The Promises That Cannot Be Kept (July 6, 2011)
That Which is Unsustainable Will Go Away: Medicare (May 16, 2012)
The generation in power has the biggest stake in retaining the status quo.Anything that threatens the status quo threatens their power and all that has been promised to them by the status quo.
As a result, any real reform that reduces entitlements to a sustainable level is politically dead on arrival (DOA). Reform is thus as impossible as paying the promised entitlements.
Though he is often presented as belonging to a new generation, President Obama (born 1961) is a Baby Boomer in age, outlook and politics, accepting the fantasy that 25% of the nation can draw hefty, open-ended benefits from Medicare indefinitely.
The solution is to work backwards from what the current generation of workers can afford to pay, not to work forwards from promises made when things were different. The pool of money that can be skimmed from the productive economy via taxes to pay for national defense, the care of veterans, education, welfare in all its forms, corporate and individual, all the myriad departments of government and Social Security pensions and Medicare is not unlimited. Difficult choices will have to be made, and what was promised decades ago is not the key consideration: what is foremost is the sustainability of the nation as an ongoing concern, which means focusing on the generations coming of age and those shouldering the tax burden going forward.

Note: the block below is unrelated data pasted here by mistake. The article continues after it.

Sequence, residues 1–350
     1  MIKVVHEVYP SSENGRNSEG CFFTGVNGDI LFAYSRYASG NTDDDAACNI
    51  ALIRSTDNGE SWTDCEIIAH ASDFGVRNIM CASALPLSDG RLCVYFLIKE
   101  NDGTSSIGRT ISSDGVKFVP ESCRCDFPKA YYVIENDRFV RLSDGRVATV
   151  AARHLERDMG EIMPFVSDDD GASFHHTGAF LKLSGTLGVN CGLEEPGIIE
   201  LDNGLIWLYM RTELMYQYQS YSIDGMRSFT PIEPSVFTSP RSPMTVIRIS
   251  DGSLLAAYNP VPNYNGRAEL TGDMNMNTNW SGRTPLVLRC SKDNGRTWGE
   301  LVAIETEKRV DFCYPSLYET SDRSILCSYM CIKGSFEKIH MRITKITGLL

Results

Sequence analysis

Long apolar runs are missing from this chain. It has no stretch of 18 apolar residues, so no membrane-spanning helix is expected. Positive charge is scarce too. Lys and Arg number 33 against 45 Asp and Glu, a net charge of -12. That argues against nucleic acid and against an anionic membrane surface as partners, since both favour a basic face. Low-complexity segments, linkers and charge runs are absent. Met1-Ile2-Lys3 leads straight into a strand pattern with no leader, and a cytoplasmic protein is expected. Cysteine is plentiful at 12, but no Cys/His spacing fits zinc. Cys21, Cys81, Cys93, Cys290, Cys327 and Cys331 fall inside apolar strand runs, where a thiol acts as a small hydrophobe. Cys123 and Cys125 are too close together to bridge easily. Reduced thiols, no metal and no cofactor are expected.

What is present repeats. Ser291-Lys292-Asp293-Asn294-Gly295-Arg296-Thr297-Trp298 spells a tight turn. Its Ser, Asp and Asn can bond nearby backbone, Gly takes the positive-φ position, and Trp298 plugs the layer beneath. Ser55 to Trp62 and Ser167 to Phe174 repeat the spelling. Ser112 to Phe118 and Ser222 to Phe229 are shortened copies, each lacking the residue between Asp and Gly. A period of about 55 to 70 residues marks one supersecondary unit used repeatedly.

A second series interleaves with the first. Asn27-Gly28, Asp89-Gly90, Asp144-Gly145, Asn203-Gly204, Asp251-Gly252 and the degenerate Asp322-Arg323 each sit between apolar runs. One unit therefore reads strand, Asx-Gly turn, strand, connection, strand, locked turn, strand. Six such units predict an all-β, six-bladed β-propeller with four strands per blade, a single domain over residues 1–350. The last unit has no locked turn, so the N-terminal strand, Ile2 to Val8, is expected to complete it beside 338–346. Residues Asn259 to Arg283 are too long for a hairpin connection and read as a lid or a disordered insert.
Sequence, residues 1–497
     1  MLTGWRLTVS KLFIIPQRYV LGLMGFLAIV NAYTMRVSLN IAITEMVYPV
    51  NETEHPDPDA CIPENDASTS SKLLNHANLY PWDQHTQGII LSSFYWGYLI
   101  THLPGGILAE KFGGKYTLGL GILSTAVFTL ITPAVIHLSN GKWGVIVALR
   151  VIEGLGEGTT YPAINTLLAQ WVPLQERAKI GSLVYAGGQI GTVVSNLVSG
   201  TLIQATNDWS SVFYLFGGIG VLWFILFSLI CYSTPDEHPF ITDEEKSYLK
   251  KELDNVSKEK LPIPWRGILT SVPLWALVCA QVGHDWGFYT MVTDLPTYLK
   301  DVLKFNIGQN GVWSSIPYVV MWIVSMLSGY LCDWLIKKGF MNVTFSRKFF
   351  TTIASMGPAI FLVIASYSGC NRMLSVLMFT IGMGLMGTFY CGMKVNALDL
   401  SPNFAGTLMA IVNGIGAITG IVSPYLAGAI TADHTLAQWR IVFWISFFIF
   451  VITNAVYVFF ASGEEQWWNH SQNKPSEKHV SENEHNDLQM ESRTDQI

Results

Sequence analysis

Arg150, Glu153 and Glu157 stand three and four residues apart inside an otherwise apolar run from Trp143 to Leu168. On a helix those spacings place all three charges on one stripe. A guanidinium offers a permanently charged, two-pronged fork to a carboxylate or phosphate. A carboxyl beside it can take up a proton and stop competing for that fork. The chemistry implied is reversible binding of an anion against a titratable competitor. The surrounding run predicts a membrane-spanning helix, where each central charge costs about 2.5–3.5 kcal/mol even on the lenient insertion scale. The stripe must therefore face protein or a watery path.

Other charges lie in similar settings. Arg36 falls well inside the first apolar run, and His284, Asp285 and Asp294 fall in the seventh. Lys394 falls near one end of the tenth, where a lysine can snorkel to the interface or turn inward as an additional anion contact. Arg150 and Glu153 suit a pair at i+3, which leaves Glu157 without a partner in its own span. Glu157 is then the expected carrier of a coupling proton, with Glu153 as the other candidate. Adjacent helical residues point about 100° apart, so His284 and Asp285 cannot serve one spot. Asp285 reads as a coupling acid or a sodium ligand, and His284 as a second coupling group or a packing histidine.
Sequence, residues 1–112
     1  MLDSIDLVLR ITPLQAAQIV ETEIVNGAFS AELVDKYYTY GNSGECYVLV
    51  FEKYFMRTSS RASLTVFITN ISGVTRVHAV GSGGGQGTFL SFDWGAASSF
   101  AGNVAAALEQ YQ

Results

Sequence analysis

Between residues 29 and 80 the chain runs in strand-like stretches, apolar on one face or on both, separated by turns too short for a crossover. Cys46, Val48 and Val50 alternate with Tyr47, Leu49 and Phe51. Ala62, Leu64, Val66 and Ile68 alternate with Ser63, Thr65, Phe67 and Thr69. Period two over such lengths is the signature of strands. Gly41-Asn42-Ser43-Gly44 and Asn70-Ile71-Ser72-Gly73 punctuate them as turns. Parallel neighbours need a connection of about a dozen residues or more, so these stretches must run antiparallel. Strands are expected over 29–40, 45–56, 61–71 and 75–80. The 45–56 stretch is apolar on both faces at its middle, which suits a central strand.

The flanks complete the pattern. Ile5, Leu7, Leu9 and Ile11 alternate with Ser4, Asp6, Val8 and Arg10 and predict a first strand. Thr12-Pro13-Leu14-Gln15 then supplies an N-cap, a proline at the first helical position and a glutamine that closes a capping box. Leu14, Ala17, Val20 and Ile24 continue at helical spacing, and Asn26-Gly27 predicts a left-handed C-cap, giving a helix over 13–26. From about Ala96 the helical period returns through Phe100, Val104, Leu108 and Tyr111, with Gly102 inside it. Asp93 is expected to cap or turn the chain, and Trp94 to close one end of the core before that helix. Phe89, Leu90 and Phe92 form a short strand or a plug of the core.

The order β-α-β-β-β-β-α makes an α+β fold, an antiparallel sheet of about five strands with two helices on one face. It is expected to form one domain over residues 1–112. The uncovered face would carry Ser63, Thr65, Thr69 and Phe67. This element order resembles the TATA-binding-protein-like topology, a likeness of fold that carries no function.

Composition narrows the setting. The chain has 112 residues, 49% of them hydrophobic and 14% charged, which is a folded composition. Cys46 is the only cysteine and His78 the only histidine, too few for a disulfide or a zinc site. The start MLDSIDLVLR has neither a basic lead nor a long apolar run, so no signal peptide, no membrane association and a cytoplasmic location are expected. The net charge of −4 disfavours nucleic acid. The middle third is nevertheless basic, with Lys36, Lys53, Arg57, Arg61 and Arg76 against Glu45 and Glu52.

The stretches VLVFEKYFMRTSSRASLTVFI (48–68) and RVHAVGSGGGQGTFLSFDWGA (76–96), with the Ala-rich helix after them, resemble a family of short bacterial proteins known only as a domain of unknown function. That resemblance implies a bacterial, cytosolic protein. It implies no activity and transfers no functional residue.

It is a truism of the entitlement mindset that the greater the entitlements promised and offered, the greater the resentments and self-absorption of the beneficiaries. I have often written about the state of permanent adolescence the Savior State/entitlement mindset engenders:
Our Many Layers of Entitlement (September 29, 2011)
The State, Dependency, Addiction and Reciprocity (September 28, 2010)
Opting Out and the Culture of Entitlement (March 29, 2010)
Entitlements, Taxes, Inequality and Three-Way Class Warfare (September 20, 2010)
Tyranny of the Majority, Corporate Welfare and Complicity (April 9, 2010)
Entitlements and the Federal Deficit (February 5, 2011)
We desperately need an adult discussion focused on reality rather than resentment. The solution will require dismantling open-ended, everyone-deserves-everything Medicare, which will bankrupt the nation itself. The solution is currently “impossible”: The “Impossible” Healthcare Solution: Go Back to Cash (July 29, 2009)
As for pay-as-you-go Social Security, it will have to be means-tested: those drawing thousands of dollars a month in other pensions will have to let go of “what wuz promised” so other Boomers who have only Social Security can receive their full benefit. What exactly is so difficult about that?
I am a Baby Boomer, born 1953, and I hope our generation musters the courage to face reality and the need for re-assessment and adjustment and yes, the word that is tossed around in endless lip-service but avoided in the real world, sacrifice. Anything less will be a generational failure of monumental proportions.
I refuse to burden our children and grandchildren with mountains of debt so I can get the full measure of “what I wuz promised.” Financial promises made under different conditions and assumptions are null and void, period. Reality trumps “what wuz promised” every time.
What nobody dares say is that if the 76 million Boomers press their claims to the point the nation is bankrupted, then the next generations (X and Y) will have to wrest political power from the retirees, not for their own sake but for the sake of the nation and for the generations behind them.
Charles Hugh Smith – Of Two Minds